ture in their home in Westport, Conn. Mrs. Sturm is the former Paulina
Longworth, daughter of the late Nicholrs Longworth, and Alice Roose
velt Longworth, daughter of the former President (International)
$10,000 Rocky Branch
Baptist Church To Be
Dedicated Sunday At 11
Now In Asheville
The Waynesville area price con
trol board which was consolidated
with the Asheville area price con
trol board on August 1, is now
located in loom number 701, in the
court house in Asheville, according
to information received here yes
terday. The telephone number is
Hereafter, all information on
price and price changes in the
business in which a person is en
gaged will he mailed from the
Asheville area price control hoard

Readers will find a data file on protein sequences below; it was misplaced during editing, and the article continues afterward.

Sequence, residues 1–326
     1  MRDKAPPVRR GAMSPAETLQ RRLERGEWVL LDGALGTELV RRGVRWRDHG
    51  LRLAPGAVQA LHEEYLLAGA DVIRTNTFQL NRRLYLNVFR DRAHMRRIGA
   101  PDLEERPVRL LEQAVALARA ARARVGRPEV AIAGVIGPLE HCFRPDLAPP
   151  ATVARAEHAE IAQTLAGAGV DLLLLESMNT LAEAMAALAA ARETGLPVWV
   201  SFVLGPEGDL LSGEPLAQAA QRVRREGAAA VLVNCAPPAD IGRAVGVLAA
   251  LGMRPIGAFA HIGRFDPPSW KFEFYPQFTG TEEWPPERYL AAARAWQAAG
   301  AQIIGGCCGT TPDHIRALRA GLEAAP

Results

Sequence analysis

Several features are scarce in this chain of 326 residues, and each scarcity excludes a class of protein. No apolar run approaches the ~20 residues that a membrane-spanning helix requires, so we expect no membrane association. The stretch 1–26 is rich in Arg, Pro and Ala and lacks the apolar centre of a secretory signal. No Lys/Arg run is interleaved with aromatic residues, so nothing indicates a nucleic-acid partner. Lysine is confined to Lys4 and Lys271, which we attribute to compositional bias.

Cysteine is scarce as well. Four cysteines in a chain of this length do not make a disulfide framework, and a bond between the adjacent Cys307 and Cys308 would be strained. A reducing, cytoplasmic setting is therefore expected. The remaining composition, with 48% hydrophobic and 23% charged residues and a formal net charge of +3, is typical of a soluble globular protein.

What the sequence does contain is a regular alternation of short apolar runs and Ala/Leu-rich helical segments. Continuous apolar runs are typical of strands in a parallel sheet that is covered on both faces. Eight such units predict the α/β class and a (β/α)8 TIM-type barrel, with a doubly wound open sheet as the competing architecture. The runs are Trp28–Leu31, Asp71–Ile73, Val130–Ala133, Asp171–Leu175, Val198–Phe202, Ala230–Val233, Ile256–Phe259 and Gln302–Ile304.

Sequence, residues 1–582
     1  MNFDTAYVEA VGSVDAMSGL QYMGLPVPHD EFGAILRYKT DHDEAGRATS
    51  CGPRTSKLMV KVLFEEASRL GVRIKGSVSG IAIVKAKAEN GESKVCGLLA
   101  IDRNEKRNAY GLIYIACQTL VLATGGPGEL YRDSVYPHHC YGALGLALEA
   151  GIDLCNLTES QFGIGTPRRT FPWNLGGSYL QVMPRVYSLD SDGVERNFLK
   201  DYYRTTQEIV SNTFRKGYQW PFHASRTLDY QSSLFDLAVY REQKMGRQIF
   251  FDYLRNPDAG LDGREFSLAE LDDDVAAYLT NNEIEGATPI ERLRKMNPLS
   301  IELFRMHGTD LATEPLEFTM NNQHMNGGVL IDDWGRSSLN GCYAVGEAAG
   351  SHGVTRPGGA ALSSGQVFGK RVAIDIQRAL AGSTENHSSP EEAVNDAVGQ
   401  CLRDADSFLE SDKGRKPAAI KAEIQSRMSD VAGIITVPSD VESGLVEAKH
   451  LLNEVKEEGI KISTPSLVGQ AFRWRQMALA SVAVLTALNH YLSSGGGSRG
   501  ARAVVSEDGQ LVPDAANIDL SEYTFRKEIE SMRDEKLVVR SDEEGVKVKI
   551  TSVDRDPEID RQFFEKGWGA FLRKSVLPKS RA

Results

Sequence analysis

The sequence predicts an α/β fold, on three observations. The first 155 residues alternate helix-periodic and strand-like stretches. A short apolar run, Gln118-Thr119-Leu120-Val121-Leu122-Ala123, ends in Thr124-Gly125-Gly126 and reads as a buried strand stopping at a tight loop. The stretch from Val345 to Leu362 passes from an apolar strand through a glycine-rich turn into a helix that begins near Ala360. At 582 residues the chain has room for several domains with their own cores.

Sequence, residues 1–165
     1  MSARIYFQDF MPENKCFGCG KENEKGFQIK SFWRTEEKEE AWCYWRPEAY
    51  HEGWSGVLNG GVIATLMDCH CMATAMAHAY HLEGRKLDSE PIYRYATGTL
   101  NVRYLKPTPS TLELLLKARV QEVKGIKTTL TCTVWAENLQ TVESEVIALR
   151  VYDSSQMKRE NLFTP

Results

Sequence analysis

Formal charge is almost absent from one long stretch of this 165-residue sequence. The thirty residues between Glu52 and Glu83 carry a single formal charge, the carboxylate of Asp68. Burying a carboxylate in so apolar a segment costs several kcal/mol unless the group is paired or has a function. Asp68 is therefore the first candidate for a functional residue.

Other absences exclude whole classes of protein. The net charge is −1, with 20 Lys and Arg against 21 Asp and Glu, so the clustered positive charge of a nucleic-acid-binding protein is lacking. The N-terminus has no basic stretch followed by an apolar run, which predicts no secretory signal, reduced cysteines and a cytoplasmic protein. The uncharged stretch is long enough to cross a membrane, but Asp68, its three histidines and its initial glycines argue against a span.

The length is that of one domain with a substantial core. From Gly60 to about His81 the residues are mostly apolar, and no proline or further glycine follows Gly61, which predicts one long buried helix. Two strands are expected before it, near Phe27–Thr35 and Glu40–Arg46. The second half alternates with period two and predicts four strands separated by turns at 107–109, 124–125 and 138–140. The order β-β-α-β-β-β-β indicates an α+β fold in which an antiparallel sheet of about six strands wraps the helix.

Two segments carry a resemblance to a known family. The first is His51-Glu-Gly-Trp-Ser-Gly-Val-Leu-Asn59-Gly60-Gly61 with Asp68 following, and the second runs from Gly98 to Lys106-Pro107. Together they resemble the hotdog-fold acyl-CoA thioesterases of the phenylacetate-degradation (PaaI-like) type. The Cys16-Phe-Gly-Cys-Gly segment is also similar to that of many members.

as prompt ly as possible. The of
fice personnel will also be glad to
assist in any problems that may
come up in local business firms.
Farm Folks Invited To
Farm and Home Week
At Raleigh, Aug. 19-24
Haywood farmers and their wives
who plan lo attend the annual
Farm and Home Week program
which is being held August 19-24
at Raleigh are asked to contact the
county agent. Wayne Corpening. so
that arrangements for the trip may
be worked out.
Approximately 3,000 men and
women are expected to attend the
meeting this year. Classes will be
held at N. C. Slate and Meredith
Colleges and several entertainment
features will be included in the
Local Police Average
Eleven Arrests Per Week
During Past Year
Arrests during the past fiscal
year July, 1945 through June,
1946 totaled 573 by the Waynes
ville police, according to figures
released this week by G. C. Fer
guson, town manager.
Approximately 85 per cent of
those arrested and tried by Mayor
J. H. Way were charged with pub
lic drunkenness, the remainder for
speeding, driving while drunk, vio
lating the prohibition law, and as
sorted minor offenses. The ar
rests averaged 11 per week.
On Allen's Creek;
Over Half Paid For
Formal dedication of the new
Rocky Branch Baptist church will